Rashida Tlaib Calls for $2K Checks for All Americans and Noncitizens, Funded by U.S. Mint

Legislation reintroduced by Democratic Representative Rashida Tlaib of Michigan would provide payments of $2,000 to every American as a coronavirus relief measure.

"In the last year of this global pandemic, we have seen corporations and CEOs reap the benefits of payouts and soaring profits while everyday workers, low-income people and families across the country have been left to scrape by without any recurring, aggressive, and inclusive financial assistance from our federal government," Tlaib said in a press release. She was announcing the Automatic Boost to Communities (ABC) Act, which she has reintroduced along with Democratic Representative Pramila Jayapal of Washington.

If the ABC Act were passed, the Treasury Department would cut every American a $2,000 check, followed by a monthly unconditional basic income (UBI) payment of $1,000 for one year after the end of the pandemic. The lawmakers argue that unlike a tax cut, the ABC Act puts "real money" into the pockets of all Americans.

The proposal calls for the U.S. Mint to create two $1 trillion coins, which would be purchased by the Federal Reserve and then moved into the U.S. Treasury to cover the payments, The Detroit Free Press reported. More coins may be minted if necessary.

"Our legislation acknowledges that a one-time survival check isn't enough to get people through this crisis. Instead, we send out recurring checks every month during the crisis and for a year after it ends. That is money in people's pockets, and certainty in their lives," Jayapal said in Tuesday's announcement.

🚨NEW🚨: @RepJayapal and I have reintroduced the #ABCAct! It would provide a $2K payment to *every* person in America as critical relief during the #COVID19 crisis, followed by $1K *recurring* monthly payments through one year after the end of the crisis. pic.twitter.com/gtxu992453

— Congresswoman Rashida Tlaib (@RepRashida) March 23, 2021

The lawmakers' proposed bill comes on the heels of President Joe Biden's $1.9 trillion American Rescue Plan, which is giving Americans $1,400 stimulus checks. But there's a demand for more relief, Jayapal and Tlaib argue. According to polling gathered last year by the Data for Progress and the Justice Collaborative Institute, 66 percent of respondents preferred to receive recurring $2,000 payments until the president ends the federal state of emergency.

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People wearing masks walk past closed-down stores in New York City on March 15. Alexi Rosenfeld/Getty Images)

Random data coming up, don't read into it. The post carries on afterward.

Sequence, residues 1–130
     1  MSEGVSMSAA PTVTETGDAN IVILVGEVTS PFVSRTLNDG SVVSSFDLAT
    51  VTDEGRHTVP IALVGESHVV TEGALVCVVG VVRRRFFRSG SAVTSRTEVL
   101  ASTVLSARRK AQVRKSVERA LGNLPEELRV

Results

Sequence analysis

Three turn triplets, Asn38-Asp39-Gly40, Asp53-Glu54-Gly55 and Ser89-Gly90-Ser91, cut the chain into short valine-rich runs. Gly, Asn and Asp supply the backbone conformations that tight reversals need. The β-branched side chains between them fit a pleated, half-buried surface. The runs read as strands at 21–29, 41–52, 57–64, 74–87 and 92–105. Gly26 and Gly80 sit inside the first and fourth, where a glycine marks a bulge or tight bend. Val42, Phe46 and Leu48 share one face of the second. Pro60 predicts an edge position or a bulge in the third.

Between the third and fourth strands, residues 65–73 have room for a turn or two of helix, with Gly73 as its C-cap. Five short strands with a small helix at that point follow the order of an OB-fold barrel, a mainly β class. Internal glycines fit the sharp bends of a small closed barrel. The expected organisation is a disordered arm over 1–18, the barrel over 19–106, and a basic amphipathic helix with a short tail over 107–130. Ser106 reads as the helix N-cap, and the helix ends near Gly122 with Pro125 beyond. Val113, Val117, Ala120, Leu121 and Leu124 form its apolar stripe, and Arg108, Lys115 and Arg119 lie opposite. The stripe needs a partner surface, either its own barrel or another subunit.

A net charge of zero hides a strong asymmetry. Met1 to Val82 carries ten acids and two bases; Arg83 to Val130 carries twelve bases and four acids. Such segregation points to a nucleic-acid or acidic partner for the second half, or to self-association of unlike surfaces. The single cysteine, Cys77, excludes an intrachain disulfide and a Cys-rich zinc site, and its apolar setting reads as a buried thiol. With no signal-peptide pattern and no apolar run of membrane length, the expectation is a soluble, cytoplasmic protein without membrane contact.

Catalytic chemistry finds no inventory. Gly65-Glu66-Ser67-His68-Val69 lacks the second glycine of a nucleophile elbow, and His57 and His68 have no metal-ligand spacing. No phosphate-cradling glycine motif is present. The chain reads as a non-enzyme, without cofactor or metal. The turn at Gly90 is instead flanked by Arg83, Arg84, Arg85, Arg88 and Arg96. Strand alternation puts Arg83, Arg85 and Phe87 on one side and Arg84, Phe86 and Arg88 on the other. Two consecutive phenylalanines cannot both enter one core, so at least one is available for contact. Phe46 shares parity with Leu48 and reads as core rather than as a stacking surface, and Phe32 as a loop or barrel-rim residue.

Advocates representing working families, immigrants and small businesses support Tlaib's and Jayapal's measure as necessary help for Americans who can't survive without continued economic support. Economic Security Project Co-Chair Natalie Foster said the ABC Act was a "critical lifeline for those the recovery is leaving behind."

If passed, the legislation would make the $1,000 checks go to everyone, no matter their income level, according an article for The Swamp by UBI expert Scott Santeens. The universality and unconditionality of the UBI payments improves the immediacy, error reduction and social cohesion of the payment program, Santeens wrote.

"The fastest possible way to get money to people is to decide on a number and just send them to everyone without any means test," Santeens wrote. He added that wealthier Americans who receive the UBI payment would get taxed a greater amount in the following year.

This is great, but the authors are wrong about targeting them. Your ABC Act gets it right by being fully universal. Targeting may sound like the right thing to do, but it will exclude people in need. Taxes next year should be targeted not the cash itself.https://t.co/Qw4eOJCbbe

— Scott Santens 🧢🏄‍♂️ (@scottsantens) February 2, 2021

But as with any major spending plan, critics have raised concerns that cutting more government checks will lead to a spike in inflation. Vox reported that the combination of government-funded payouts and economic recovery funding could cause prices to surpass the true value of goods.

"The most significant risk we face is a workforce that is scarred by a long period of unemployment. People being out of work, not able to find jobs, can have a permanent effect on their well-being. I think that's the most significant risk," Treasury Secretary Janet Yellen said in an interview with ABC News' This Week. "Is there a risk of inflation? I think there's a small risk. And I think it's manageable."

Consistently low inflation rates have made it more difficult for economic experts to estimate what will happen when the economy bounces back after the pandemic, according to Vox. Some experts have warned that streaming cash into the economy may cause prices and wages to increase, weakening the country as the economy bounces back.

In response to inflation concerns, Tlaib cited Federal Reserve Chairman Jerome Powell's comments to a Senate panel last month that inflation is "not a problem" to fear amid federal relief spending. Powell said a "burst" of government spending that doesn't last for multiple years likely won't change long-term inflation patterns.

The two lawmakers said the ABC Act would curb economic uncertainty rather than exacerbate it. In a Twitter post, Jayapal said the ABC Act would be more than "immediate relief" and provide "stability, certainty and predictability" to all Americans.

Newsweek reached out to Tlaib for further comment but did not hear back before publication.